Mii outfits have also given Nintendo a chance to show indie games some love as well. Prior to Ultimate’s launch, if you’d suggested Undertale would get Smash recognition then we’d likely have laughed. Yet here we with both Undertale and Cuphead receiving Mii Outfits and unique music compositions. It’s been a wonderful way to give smaller games recognition, and we’d love to see more of this in packs and events that arrive alongside Fighter Pass 2. Our favourite from the first batch? It’s got to be Sans, if only thanks to that glorious Megalovania mix.
Balance updates and competition
While they still won’t commit to funding prize pools for competitions, the patching approach for Smash Ultimate seems to have kept the competitive community close in mind. Tweaks have been refreshingly gentle, by and large touching up weaker characters or slightly dressing down those at the top. The result is a game with one of the widest pools of competitively viable characters, yet it still manages to be an utter blast when messing about with your mates.
We’d love to see Nintendo change their mind regarding esports in future though. Despite its explosive popularity, prize pools for Smash Ultimate remain woefully small, or in the case of the upcoming EVO Japan, practically nonexistent. Smash is a brilliant entry point for many into the world of competitive gaming, and we’d really like to see Nintendo embrace that side of Ultimate further.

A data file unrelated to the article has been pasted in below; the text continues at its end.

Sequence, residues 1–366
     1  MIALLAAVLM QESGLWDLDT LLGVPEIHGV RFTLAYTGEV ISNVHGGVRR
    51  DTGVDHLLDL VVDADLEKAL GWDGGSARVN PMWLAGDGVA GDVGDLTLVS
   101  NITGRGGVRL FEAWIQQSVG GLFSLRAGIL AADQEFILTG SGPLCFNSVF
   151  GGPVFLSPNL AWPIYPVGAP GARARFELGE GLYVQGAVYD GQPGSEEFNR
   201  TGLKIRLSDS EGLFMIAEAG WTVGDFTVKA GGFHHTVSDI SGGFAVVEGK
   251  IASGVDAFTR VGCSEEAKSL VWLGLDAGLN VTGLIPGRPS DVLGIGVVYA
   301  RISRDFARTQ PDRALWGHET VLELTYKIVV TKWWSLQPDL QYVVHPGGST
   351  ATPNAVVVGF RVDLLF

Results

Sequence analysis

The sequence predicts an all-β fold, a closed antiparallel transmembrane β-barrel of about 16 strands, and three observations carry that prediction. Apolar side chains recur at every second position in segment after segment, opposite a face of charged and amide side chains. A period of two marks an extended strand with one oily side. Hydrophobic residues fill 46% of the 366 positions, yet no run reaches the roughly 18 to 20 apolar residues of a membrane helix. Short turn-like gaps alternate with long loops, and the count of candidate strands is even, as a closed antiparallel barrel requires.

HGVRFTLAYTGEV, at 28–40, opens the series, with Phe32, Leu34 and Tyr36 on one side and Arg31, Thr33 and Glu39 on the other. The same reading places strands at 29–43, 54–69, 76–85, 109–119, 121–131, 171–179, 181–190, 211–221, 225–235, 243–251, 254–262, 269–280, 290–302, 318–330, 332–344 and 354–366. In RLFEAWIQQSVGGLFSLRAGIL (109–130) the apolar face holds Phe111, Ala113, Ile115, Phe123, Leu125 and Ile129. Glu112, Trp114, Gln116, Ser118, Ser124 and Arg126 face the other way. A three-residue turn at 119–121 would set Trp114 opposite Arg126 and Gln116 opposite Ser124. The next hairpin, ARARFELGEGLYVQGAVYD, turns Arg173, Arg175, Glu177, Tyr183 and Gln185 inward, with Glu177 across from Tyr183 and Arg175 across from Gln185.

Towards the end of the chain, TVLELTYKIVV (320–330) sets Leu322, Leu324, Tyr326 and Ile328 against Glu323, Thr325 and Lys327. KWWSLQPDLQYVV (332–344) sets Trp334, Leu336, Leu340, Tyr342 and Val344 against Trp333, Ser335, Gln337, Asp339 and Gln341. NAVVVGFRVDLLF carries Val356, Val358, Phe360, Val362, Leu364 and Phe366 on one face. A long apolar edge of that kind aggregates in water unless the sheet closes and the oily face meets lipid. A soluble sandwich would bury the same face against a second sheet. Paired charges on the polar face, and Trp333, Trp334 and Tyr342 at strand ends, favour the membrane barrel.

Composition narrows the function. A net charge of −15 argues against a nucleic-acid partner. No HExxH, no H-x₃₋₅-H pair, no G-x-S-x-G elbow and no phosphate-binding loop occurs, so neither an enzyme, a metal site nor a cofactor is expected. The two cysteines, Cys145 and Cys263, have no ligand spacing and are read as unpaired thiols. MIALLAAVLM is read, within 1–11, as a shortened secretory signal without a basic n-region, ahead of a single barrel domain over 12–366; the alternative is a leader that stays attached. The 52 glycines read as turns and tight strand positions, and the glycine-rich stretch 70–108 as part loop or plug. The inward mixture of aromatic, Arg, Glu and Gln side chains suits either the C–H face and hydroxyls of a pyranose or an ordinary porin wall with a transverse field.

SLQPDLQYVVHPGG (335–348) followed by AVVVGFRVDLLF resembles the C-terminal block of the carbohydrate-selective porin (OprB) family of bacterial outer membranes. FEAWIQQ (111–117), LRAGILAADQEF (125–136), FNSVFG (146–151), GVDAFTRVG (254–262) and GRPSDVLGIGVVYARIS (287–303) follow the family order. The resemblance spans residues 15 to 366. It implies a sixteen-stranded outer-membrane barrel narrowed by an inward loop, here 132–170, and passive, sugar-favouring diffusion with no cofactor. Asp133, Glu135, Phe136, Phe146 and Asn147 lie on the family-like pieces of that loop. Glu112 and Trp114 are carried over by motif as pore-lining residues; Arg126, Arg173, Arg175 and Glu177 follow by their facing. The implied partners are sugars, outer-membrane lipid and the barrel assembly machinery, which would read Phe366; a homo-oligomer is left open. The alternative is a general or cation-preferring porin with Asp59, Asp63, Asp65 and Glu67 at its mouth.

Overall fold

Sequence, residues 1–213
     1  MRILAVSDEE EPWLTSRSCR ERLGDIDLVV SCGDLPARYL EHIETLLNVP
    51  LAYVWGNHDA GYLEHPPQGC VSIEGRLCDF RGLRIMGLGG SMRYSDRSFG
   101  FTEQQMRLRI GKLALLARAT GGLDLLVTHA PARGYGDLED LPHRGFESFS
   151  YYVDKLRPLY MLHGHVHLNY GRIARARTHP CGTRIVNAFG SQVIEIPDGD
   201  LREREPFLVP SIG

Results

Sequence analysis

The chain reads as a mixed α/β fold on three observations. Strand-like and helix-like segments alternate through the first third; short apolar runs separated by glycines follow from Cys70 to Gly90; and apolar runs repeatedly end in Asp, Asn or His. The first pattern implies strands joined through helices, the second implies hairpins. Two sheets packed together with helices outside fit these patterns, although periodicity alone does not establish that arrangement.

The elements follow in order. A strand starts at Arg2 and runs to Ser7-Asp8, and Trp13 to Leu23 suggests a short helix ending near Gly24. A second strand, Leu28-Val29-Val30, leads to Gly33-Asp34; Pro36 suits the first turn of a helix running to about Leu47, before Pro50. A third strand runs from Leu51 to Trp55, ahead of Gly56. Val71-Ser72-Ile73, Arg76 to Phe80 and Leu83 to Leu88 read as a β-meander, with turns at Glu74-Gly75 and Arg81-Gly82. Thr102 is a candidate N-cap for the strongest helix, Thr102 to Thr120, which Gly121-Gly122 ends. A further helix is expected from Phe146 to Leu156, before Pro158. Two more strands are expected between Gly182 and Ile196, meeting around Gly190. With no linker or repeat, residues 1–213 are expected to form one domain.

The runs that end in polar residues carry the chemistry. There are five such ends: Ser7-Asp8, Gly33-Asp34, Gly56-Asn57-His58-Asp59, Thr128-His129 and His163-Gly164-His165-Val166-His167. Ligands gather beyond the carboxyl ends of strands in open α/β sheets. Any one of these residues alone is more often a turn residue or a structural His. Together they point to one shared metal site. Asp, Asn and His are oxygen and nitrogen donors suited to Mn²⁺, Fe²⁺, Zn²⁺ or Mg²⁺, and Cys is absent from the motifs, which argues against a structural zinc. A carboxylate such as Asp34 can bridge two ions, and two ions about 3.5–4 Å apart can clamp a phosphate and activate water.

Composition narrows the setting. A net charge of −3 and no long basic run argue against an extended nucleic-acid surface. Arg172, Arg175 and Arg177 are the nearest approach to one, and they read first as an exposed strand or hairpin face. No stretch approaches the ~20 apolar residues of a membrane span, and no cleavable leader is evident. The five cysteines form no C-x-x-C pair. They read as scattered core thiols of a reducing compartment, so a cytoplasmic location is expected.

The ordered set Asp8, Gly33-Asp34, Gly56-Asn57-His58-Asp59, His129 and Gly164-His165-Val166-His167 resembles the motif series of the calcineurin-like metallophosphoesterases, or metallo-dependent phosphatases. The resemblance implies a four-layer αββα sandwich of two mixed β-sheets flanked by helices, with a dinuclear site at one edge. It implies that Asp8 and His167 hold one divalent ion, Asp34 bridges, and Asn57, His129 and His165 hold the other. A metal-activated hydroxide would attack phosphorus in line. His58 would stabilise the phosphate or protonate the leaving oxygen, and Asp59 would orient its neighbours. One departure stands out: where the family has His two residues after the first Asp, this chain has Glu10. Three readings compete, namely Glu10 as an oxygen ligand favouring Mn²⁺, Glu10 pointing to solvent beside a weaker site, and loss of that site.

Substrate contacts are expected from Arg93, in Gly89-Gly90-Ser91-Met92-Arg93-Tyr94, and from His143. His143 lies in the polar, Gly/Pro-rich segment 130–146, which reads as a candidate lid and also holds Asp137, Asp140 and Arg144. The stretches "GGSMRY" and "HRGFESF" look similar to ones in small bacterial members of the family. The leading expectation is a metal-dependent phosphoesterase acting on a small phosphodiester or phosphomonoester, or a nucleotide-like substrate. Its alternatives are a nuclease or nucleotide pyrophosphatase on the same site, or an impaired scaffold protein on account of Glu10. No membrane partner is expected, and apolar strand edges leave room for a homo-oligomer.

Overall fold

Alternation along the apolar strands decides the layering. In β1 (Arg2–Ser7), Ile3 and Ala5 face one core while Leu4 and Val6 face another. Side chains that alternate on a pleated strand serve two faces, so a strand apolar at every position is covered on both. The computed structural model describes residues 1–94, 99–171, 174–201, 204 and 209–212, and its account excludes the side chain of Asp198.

A look to the future
With Fighter Pass 1 wrapped up, it’s a new season for Nintendo. Six more characters are preparing to carve their mark in the greatest crossover event in history (sorry, Avengers). Who’s likely to make the cut? At this point it’s all conjecture, but we reckon there are a few names more likely than others.
- Rayman: Ubisoft and Nintendo are stalwart friends, and so far Sticker and Mii outfits from the French studio have been limited, which could indicate they’re saving up for a well-known platforming face to secure his ticket.
- A Microsoft character: Similarly, the green giant and Nintendo have been rather chummy of late. We can’t think of a better way to secure a good future relationship than a Smash crossover. What would you pick between Minecraft or Halo?
- Urshifu or another new Pokemon: Following the sales success of Pokemon Sword and Shield, the Galar region has left fertile new ground for character inspiration. We reckon Isle of Armor’s stance-shifting bear would be a great way to bring a new control style to Smash and drive interest in the expansion.
- Shantae: As an outside shot, we have to also recommend purple-haired genie Shantae as an option. Smash’s DLC roster could desperately do with some more women, and WayForward’s comedic platformers have proven extremely popular with Nintendo audiences. Is she likely? Probably not, but we’d love to see it happen nonetheless.
After six characters and over a year of support, how do you rate Super Smash Bros. Ultimate? What’s been your favorite addition so far, and what would you like to see in future?
Super Smash Bros. has always been somewhat of an enigma in the fighting game community. Forgoing many staples of the genre, Smash is both a chaotic party game and a competitive title that draws thousands to EVO each year